The college has bought a range of equipment to trial, including Samsung Q1 touch screen tablet PCs, Asus Eeepc, iPods and portable DVD players.
David Foden, the Independent Living Skills lecturer is leading the way, providing video instructions on basic cooking techniques. The learners access the instructions through an interactive PowerPoint© slide. The page is divided into grids with either symbol or verbal instructions. On pressing the relevant square, the video loads and the learner can follow the instructions on the screen. Each task has been broken down into its constituent parts so that it follows a simple and logical sequence. So the first instruction is to wash your hands, followed by putting on an apron etc.
By having these instructions on mobile appliances, the learners can take them back to the residences where support staff can ensure that they follow the procedure then have been learning in college. Similarly, when the learner goes home for the weekend or half term holiday, they can show their parents or carers how they can make their own lunch. This will allow the students more independence as they tend to become deskilled when they return home as things are done for them. The learners now have ‘homework’ to do in half term to make at least one simple snack meal of beans or cheese on toast.
One downside of this work is the time it takes to make the videos and the interactive Powerpoint © presentations. David was sure that there were other lecturers in Specialist and Mainstream colleges doing much the same thing and wanted a way to share his videos. He approached the RSC North West who contacted TechDis. John Sewell, Senior Adviser for Specialist Colleges at TechDis commented ‘short video clips are a great way of showing how to do things and the way that they have been put together by David Foden at Langdon is great. So great it needs to be shared; these clips take time to produce so it makes sense to share. We aim to put together a national resource to do just that’.
The RSC NorthWest will be working closely with TechDis to ensure that this national resource is set up and maintained. David has kindly offered to be the first to share his work. We will be contacting colleges in the next few months with details”.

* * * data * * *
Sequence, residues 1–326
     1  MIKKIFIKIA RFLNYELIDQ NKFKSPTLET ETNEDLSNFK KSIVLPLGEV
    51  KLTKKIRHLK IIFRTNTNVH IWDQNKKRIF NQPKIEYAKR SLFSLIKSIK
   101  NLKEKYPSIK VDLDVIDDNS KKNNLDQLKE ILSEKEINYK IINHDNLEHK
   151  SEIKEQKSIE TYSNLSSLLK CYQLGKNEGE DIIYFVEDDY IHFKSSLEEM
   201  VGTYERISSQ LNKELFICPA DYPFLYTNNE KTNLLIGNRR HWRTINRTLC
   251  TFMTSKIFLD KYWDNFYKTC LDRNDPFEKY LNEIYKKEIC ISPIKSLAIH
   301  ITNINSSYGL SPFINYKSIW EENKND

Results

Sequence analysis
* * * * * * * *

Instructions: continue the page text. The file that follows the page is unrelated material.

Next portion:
The exciting bit is the last bit – along with TechDis we are hoping to both set up a TeacherTube account for video sharing but also create a portal using Xerte to add accessibility features to the videos.
We work in an old building at Lancaster University. One of the other teams that work in our building are the Cumbria and Lancashire Online Education team. They set up a webcam inside a bird’s nesting box earlier in the year and now a couple of blue tits have taken residence and are busy feeding their 5 chicks. The BBC have reported on it and you can see the amazing live images from the link here. Thanks Kev for the information.
Next Monday, 21st January is supposed to be the most depressing day of the year and as such is named Blue Monday. It is the start of the last week in January and a combination of the debt, weather, time since Christmas, time since New Year resolutions are broken, lack of motivation and need for action can be represented in a mathematical equation. I’m not sure about the accuracy of the equation but it is certainly a depressing time of year, for all those reasons just stated.
The campaign to ‘Beat Blue Monday‘ was started by the Creativity at Work consultants and is being promoted by Green Communictions here in Yorkshire. There is a facebook group (of course) and the Samaritans are part of the partnership.
They suggest you try and do something to cheer yourself and others up such as:
“Blog – Write a blog about what you are doing to Beat Blue Monday. Make your readers smile. If you do write a blog post on Monday 21 – make sure to tag it: “beatbluemonday”.
Try something new -Be creative, or learn something new to get your brain active and start thinking of new things instead of dwelling on the old.
Get physical – By changing your physical state, from a simple shoulder-shake at your desk to a full work-out at the gym, you can change the way you feel.
Contact a friend or relative – Get in touch with someone you have not heard from in a while; thinking of someone else takes your mind off you.
Take a break – Go somewhere different, whether it’s a coffee bar you have never been into, or a faraway luxury holiday; by changing your physical location, you change your perspective on the world.
Be nice to a stranger – Do a random act of kindness; doing good for others is the best form of self-satisfaction.
Help the planet – Be a good ancestor in some way; the planet will be here long after you are gone.
Pamper yourself – Spoil yourself, from a small indulgence to a luxury you have been promising yourself. You can even dye your hair blue to create a stunning eye-catching change.
Plan something new – Whether it’s planning a holiday for later in the year or deciding what to do at the weekend, looking forward to something new or different can be uplifting and refreshing.
Share your thoughts – A problem shared is a problem halved. Visit the Blue Monday blog to see what ideas people have come up with for dealing with life’s little problems. “
Having read all those, I got a day’s pampering at the Spa of a rather smart hotel locally for my birthday so might just take that up next week.